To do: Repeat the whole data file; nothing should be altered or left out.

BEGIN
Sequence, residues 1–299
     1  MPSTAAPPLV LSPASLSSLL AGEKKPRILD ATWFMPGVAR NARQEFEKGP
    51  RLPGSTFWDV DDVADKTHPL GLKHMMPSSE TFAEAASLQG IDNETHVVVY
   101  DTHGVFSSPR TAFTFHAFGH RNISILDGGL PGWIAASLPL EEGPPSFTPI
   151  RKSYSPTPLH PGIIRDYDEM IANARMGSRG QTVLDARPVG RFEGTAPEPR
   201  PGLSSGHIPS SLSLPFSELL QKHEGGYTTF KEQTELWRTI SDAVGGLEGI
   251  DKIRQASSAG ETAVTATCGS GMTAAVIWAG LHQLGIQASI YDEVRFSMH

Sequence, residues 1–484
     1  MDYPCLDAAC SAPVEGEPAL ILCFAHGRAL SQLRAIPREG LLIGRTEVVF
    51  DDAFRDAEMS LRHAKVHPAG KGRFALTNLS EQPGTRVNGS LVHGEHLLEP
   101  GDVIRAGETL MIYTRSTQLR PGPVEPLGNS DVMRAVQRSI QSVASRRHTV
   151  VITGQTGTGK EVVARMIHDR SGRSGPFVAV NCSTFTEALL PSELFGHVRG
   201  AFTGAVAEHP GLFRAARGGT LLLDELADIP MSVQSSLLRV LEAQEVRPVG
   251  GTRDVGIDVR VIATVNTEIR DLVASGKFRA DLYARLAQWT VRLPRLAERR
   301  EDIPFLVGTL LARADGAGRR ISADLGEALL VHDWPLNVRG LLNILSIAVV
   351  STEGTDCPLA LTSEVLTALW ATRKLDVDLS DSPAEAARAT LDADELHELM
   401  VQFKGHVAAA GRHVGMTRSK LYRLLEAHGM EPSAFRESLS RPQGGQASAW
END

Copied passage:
Sequence, residues 1–299
     1  MPSTAAPPLV LSPASLSSLL AGEKKPRILD ATWFMPGVAR NARQEFEKGP
    51  RLPGSTFWDV DDVADKTHPL GLKHMMPSSE TFAEAASLQG IDNETHVVVY
   101  DTHGVFSSPR TAFTFHAFGH RNISILDGGL PGWIAASLPL EEGPPSFTPI
   151  RKSYSPTPLH PGIIRDYDEM IANARMGSRG QTVLDARPVG RFEGTAPEPR
   201  PGLSSGHIPS SLSLPFSELL QKHEGGYTTF KEQTELWRTI SDAVGGLEGI
   251  DKIRQASSAG ETAVTATCGS GMTAAVIWAG LHQLGIQASI YDEVRFSMH

Sequence, residues 1–484
     1  MDYPCLDAAC SAPVEGEPAL ILCFAHGRAL SQLRAIPREG LLIGRTEVVF
    51  DDAFRDAEMS LRHAKVHPAG KGRFALTNLS EQPGTRVNGS LVHGEHLLEP
   101  GDVIRAGETL MIYTRSTQLR PGPVEPLGNS DVMRAVQRSI QSVASRRHTV
   151  VITGQTGTGK EVVARMIHDR SGRSGPFVAV NCSTFTEALL PSELFGHVRG
   201  AFTGAVAEHP GLFRAARGGT LLLDELADIP MSVQSSLLRV LEAQEVRPVG
   251  GTRDVGIDVR VIATVNTEIR DLVASGKFRA DLYARLAQWT VRLPRLAERR
   301  EDIPFLVGTL LARADGAGRR ISADLGEALL VHDWPLNVRG LLNILSIAVV
   351  STEGTDCPLA LTSEVLTALW ATRKLDVDLS DSPAEAARAT LDADELHELM
   401  VQFKGHVAAA GRHVGMTRSK LYRLLEAHGM EPSAFRESLS RPQGGQASAW